Decked out in a bright red Angry Birds hoodie, Henri was in Singapore on Friday, 1st June, with his son to launch the first-ever Angry Bird themed cable cars in the world, connecting Singapore Southern seaboard with Sentosa, the country’s famous island resort.
During the media interview, he sketched out (quite literally) Rovio’s business model, and how generating revenue is the natural consequence of fan engagement and brand-building. It’s pretty cool.
Here’s what it looks like when I recreated it on Photoshop:
As Holm explained it, Rovio’s strategy is to repeat the cycle of fan engagement and brand building in an infinite cycle. It’s quite clear that the Angry Birds games is just the beginning of Rovio’s relationship with its fans.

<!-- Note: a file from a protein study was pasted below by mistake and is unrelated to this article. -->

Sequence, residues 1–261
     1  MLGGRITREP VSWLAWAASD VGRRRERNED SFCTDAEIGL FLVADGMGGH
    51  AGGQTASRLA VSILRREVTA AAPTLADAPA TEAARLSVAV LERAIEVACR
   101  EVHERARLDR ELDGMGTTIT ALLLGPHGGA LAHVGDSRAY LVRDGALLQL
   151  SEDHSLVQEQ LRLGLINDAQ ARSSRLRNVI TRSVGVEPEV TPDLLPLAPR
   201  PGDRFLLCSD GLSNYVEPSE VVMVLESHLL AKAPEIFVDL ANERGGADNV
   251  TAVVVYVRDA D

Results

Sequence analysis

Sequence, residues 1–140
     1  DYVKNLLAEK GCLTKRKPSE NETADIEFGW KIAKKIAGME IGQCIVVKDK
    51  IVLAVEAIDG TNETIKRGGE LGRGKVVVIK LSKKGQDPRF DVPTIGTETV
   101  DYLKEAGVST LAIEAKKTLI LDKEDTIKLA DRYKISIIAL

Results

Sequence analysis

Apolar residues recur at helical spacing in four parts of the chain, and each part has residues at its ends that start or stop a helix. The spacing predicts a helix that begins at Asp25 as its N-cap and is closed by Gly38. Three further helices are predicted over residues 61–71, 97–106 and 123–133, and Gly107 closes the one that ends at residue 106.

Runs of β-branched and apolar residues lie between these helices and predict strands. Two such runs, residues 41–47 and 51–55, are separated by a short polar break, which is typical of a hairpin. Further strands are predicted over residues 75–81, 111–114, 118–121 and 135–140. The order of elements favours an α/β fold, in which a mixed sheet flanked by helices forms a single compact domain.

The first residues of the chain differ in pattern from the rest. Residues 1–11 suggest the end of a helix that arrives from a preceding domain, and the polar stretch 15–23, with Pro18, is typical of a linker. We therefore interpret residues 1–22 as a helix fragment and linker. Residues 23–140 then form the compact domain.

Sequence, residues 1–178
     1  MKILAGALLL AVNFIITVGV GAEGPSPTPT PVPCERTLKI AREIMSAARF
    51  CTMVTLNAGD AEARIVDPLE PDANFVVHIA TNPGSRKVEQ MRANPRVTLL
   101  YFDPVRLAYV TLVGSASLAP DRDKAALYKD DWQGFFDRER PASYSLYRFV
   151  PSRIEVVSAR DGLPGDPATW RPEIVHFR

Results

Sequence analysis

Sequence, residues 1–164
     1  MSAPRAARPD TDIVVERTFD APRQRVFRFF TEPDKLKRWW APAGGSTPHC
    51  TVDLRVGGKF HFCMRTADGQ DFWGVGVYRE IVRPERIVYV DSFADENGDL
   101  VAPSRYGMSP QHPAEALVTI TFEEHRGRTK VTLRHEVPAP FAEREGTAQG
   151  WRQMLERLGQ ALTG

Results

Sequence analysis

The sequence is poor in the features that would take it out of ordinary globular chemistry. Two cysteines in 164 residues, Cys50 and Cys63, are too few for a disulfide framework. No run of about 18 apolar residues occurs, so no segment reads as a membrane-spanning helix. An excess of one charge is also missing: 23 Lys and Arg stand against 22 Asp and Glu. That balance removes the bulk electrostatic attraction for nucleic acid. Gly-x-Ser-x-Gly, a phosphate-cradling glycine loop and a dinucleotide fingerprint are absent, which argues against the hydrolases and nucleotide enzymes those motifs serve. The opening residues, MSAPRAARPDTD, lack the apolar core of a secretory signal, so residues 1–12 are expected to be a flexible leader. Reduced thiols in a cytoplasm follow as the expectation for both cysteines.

By expanding into movies, webisodes, merchandising, and carnivals, the company hopes to tell a compelling story that will keep fans coming back for more.
All this, of course, leads to more money for the company — some 30 percent of its revenue, said Holm, comes from merchandise. Engaged and loyal fans are more likely to download the next installment of Angry Birds, and beg their parents to buy some cute plushies.
This business approach is not entirely new, of course, and it’s no accident that Rovio is trying to be the next Disney.
But I thought it’s refreshing that their strategy has been succinctly illustrated with one simple diagram.
Here’s a scan of Holm’s actualy scrawl on my notebook (that odd shape above the diagram is a cancellation by me):
Link to full article